In the Emmaus account there are two disciples travelling to a village named Emmaus shortly after the women from the tomb had proclaimed to them that Jesus was raised from the dead. Jesus appeared to them, but they did not recognize Him. Jesus conversed with them about the scriptures and then broke bread with them. It was only after breaking bread with them that the two disciples recognized Him whereupon he vanished. It is here that the two disciples say, “Did not our hearts burn within us while he talked to us on the road, while he opened to us the scriptures?” And then they run back to Jerusalem and tell everyone how Jesus was revealed to them in the breaking of the bread.
It is clear that Luke’s intention in relating this story, among all the stories that he could have told, has a precise purpose. His purpose is to show how we are to recognize Christ as present among us today. Christ reveals Himself to us as the fulfillment of all of the scriptures whenever we read them; but like the two disciples we often don’t recognize Christ even then. Luke recognized that in order to recognize Christ we need something more than just the scriptures. It is after listening to the scriptures that that the two disciples recognize Christ in the breaking of the bread. This is the key point of this account. The breaking of bread is in fact synonymous with the Eucharist. The bread that they break with Jesus is in fact Jesus Himself. That is why they recognize Jesus at the moment and why Jesus vanishes from their sight. It doesn’t say that Jesus left them; it says He vanished. Luke uses the word vanished because he is pointing out that Jesus is still with them in the breaking of bread, the Eucharist, but that he is not visible seen. In this roundabout way Luke is providing a basis for the Mass as celebrated by the early Church.
This basis for the Mass comes from Christ himself. It starts with Jesus command at the Last Supper to “do this in memory of me”; Luke shows the earliest Christian community, the disciples, as actually doing what Christ commanded when they share the scriptures and then break bread. They recognize Christ’s true presence among them only when they share in the Eucharist. This, structurally speaking, is what we see when we go to Mass today. We open with the scriptures, the Liturgy of the Word, and then we proceed to the Liturgy of the Eucharist. We open Mass with the Scriptures; the priest, acting in the person of Christ, opens the scriptures up to us in the homily; and then Christ is revealed to us perfectly in the breaking of bread, the Eucharist. The Mass has not really changed all that much since the time that Luke was writing his gospel.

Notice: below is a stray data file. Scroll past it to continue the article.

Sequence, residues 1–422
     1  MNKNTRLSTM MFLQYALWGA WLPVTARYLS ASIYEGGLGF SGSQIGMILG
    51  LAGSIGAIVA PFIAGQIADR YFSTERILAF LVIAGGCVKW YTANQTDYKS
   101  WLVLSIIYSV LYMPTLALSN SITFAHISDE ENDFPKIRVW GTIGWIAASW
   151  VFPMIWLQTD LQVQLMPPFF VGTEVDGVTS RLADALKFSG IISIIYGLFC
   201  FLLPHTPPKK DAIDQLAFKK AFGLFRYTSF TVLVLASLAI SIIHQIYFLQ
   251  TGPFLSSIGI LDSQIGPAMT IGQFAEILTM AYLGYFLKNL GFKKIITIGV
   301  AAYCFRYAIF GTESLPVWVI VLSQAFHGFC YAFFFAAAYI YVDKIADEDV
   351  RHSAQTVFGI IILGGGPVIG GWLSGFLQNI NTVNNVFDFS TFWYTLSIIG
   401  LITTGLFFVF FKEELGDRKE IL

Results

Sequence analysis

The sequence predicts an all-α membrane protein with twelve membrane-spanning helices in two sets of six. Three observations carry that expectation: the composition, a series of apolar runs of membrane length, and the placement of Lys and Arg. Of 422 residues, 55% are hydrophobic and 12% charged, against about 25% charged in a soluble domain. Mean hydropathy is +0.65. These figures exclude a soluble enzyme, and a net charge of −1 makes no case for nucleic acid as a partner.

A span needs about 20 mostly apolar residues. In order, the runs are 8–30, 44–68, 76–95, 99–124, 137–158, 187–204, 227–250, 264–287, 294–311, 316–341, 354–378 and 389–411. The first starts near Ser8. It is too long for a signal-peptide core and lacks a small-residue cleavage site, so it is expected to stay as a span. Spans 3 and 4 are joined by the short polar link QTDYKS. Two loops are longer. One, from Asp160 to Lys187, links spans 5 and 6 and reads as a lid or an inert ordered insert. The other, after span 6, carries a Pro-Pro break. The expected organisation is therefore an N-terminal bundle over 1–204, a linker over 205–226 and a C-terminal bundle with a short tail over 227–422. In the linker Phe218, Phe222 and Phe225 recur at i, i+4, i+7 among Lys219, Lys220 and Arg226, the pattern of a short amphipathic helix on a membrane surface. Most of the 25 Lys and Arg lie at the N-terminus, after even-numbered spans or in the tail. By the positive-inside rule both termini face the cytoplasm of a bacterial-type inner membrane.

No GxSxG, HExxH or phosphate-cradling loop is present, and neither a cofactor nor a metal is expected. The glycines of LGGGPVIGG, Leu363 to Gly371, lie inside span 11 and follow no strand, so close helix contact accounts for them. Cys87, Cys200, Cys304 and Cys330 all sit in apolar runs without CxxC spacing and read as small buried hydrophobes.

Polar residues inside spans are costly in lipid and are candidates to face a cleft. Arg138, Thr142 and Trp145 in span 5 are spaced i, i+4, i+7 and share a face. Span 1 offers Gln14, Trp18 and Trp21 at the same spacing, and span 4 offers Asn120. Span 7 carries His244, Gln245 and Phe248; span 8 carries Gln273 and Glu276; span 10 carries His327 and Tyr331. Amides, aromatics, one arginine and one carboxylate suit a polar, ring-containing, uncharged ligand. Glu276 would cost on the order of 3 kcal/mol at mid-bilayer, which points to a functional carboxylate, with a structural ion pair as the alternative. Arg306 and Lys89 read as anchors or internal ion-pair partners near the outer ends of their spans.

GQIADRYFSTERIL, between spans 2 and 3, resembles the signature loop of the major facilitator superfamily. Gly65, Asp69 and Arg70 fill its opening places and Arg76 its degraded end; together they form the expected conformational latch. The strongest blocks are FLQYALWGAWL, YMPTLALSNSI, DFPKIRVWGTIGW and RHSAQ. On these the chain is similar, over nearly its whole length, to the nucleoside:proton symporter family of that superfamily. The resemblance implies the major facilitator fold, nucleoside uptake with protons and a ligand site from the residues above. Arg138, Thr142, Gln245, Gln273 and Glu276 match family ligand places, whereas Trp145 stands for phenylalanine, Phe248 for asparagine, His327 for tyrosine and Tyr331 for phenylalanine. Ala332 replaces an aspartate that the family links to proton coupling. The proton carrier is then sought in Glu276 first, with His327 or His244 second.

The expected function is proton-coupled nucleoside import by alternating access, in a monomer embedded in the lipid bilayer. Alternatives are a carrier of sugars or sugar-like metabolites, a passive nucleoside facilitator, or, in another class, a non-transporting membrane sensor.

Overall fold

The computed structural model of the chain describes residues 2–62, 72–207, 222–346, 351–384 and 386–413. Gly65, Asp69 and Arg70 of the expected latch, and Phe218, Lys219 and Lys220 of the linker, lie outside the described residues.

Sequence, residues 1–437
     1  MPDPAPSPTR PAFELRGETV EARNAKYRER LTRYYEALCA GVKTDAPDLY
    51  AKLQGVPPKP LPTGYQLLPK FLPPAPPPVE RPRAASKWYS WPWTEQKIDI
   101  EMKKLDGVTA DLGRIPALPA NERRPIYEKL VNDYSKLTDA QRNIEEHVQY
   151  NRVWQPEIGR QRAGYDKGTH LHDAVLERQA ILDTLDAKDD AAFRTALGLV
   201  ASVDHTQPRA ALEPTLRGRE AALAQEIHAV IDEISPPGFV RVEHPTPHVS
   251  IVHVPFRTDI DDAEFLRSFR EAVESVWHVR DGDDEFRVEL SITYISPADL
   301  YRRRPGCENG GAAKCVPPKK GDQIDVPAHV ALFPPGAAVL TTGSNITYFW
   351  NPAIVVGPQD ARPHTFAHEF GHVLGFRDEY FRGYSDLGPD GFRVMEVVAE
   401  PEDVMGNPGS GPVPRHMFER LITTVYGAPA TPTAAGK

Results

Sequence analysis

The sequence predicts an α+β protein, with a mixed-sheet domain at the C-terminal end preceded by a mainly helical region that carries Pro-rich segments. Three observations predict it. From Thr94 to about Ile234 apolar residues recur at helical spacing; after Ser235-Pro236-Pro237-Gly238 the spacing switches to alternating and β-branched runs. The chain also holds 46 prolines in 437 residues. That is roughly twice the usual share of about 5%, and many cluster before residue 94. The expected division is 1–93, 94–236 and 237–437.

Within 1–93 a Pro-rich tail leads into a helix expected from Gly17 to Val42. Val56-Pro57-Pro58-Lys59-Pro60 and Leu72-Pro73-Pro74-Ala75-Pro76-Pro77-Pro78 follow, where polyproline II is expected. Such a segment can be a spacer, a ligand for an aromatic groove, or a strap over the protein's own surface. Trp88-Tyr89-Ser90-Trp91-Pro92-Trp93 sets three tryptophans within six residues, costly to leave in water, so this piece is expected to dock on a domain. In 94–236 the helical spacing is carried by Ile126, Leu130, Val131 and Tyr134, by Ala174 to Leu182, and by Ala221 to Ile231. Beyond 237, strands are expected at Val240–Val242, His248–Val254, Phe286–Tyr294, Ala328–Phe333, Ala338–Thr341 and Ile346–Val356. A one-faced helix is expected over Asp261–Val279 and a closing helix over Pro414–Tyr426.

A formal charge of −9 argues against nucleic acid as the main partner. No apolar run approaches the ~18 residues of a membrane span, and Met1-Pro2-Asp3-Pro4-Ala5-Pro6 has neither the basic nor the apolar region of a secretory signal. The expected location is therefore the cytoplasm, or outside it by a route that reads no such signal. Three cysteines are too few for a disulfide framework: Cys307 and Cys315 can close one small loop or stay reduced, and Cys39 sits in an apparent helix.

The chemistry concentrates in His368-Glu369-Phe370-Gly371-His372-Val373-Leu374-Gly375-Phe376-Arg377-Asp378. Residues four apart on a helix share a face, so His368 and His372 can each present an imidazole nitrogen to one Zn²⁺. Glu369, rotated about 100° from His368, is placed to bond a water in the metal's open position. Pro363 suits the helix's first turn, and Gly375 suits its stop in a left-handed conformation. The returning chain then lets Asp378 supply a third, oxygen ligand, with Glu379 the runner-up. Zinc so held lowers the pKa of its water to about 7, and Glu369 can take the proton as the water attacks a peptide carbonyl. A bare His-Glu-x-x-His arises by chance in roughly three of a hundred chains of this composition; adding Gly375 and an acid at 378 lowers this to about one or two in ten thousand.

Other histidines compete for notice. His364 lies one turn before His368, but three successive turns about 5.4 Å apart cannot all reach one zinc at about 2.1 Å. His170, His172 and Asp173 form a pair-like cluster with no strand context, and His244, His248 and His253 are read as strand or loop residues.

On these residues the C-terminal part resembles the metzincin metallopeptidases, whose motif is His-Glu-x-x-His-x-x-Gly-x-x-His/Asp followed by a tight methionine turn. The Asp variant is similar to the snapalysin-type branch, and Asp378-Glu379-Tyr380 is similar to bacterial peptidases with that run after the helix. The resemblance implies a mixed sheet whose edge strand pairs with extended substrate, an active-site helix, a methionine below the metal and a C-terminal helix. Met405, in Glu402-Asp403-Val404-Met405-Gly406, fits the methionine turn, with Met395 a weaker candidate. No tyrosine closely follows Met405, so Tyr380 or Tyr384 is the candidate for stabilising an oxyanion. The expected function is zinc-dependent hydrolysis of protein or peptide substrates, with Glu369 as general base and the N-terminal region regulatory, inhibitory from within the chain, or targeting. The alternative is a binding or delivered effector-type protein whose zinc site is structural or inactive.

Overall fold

We do have some specific prayers and actions that we say and perform at Mass that are not mentioned specifically, such as the Apostles Creed and offertory; but even these things are addressed in other parts of the New Testament. The reason to say prayers, such as the Apostles Creed, is so that we can profess what we as Catholics believe to be true. This need for a profession of faith is seen throughout the entire New Testament. The offertory can be seen as a fundamental aspect of the early Church as seen in Acts chapter 5. At this point you might be asking why we have included these things in the Eucharistic celebration. We have done this in response to the needs of the Church. We have combined into one liturgical event, the Mass, some of the fundamental aspects of the Christian life that at one time might have been separate events. These ‘additions’ are not just arbitrary additions. They are fundamental actions, such as a profession of faith or seeing to the needs of the Church, that the Church judges as so important that we include them in our most essential event, the Mass.
The Mass can thus be seen as a living out of the Christian gospel. It is an event that is meant to shape the way in which we go out to the world. At its deepest reality it is the event in which we come to know Christ personally as revealed by the scriptures and Himself. Each and every time we do participate at Mass and partake in the Eucharist we are fulfilling that call of Christ to, “do this in memory of me.” If we do this how can we not go out, like the two disciples at Emmaus, and run and tell everyone that we know that we have seen Jesus in the breaking of the bread and that He is risen.